Glancing over the crime novels on my bookshelves, I notice several books that influenced me in deep ways as a writer, and a couple that especially impressed me with their vividness and energy, particularly in the opening pages.
Eight Million Ways to Die
This fifth book in Block’s Matthew Scudder series had a major impact in several ways: It showed how a place (New York City) could effectively become a character in a crime series; it showed how a protagonist could change and develop over the arc of a series, rather than remaining static; and it proved that character development could be at least as important as plot, a lesson I have taken to heart. It ends on a surprisingly personal and moving note.
The George Smiley Series
As Block did, Le Carré made the character of his protagonist the true center of his series, and I appreciate the way he moved away from a typical hard-drinking, wise-cracking, bare-knuckles kind of crime novel protagonist to create a completely different—and compelling—sort of hero.
This nonfiction book by the creator of The Wire (one of the two greatest TV crime series) was hugely helpful in my writing because it showed how “homicide detective” is a real career embodied by real people. It does a great job of answering a couple questions I’ve tried to answer in my books: What’s it like to work such an incredibly strange gig every day, and how does it affect you as a human being?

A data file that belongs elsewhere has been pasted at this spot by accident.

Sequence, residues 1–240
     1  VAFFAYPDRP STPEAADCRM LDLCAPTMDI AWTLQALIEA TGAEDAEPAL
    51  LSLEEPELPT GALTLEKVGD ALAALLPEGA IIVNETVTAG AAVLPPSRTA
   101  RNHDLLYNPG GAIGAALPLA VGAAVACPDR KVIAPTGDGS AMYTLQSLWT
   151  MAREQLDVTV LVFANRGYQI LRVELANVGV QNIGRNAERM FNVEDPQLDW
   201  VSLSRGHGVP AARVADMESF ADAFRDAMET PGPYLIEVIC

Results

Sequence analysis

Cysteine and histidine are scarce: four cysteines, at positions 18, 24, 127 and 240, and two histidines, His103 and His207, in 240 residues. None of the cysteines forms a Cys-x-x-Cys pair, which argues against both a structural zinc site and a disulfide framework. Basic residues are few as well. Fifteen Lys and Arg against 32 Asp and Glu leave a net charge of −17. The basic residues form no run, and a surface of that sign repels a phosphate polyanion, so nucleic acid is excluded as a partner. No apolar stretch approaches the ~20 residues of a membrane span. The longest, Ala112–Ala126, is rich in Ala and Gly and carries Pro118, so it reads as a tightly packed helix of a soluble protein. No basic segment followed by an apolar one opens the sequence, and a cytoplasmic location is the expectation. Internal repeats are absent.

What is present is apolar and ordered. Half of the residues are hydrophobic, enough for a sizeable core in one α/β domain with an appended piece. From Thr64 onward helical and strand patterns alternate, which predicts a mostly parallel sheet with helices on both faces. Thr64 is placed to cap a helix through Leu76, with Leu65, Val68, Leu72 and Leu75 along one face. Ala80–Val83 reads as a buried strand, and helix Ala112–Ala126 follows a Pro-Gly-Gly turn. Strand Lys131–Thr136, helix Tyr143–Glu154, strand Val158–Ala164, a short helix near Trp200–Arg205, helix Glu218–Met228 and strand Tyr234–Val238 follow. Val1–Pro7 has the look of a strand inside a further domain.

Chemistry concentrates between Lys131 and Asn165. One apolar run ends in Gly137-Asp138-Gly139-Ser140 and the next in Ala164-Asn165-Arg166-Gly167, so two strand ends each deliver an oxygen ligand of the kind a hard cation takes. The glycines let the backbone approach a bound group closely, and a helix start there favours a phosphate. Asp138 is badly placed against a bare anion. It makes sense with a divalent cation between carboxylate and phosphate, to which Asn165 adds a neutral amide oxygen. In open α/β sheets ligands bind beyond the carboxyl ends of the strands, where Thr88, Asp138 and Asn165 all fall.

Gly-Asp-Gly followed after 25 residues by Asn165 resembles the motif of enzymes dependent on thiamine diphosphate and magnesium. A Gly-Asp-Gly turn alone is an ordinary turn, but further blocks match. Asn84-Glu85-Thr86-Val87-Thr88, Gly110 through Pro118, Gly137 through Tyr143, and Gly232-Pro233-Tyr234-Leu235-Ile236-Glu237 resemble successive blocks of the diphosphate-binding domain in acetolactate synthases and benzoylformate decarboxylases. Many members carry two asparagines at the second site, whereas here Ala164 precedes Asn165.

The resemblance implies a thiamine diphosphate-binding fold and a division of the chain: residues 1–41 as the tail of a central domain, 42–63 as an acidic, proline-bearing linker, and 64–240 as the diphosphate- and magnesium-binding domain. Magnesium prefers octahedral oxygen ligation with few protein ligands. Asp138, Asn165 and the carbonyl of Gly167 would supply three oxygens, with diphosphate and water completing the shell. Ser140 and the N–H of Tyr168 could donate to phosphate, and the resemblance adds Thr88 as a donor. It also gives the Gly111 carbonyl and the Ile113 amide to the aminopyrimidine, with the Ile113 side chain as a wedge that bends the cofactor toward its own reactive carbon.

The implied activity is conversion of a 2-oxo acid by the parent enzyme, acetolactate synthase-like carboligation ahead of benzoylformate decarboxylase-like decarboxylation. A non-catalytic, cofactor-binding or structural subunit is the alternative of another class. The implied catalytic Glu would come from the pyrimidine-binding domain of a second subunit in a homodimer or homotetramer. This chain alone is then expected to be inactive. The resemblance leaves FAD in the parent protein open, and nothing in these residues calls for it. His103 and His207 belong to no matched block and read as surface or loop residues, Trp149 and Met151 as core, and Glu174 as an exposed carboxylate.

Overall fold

If the Internet can be believed, this 1988 novel was Leonard’s own favorite of his books. It’s particularly memorable for the classic first chapter, which very effectively (and humorously) juxtaposes the bizarre extremes of a career that deals with crime and the humdrum ordinariness of its daily grind.
Beat the Reaper
We know we’re dealing with a very different kind of protagonist from the first paragraph, when a mugger presses a gun against the base of our antihero’s skull and he observes that, “It actually feels sort of good, in an accu-pressure kind of way.” This 2009 debut impressed me with its originality, its humor, and its crackling, zingy energy.
Featured photo of Gabriel Cohen: Alchetron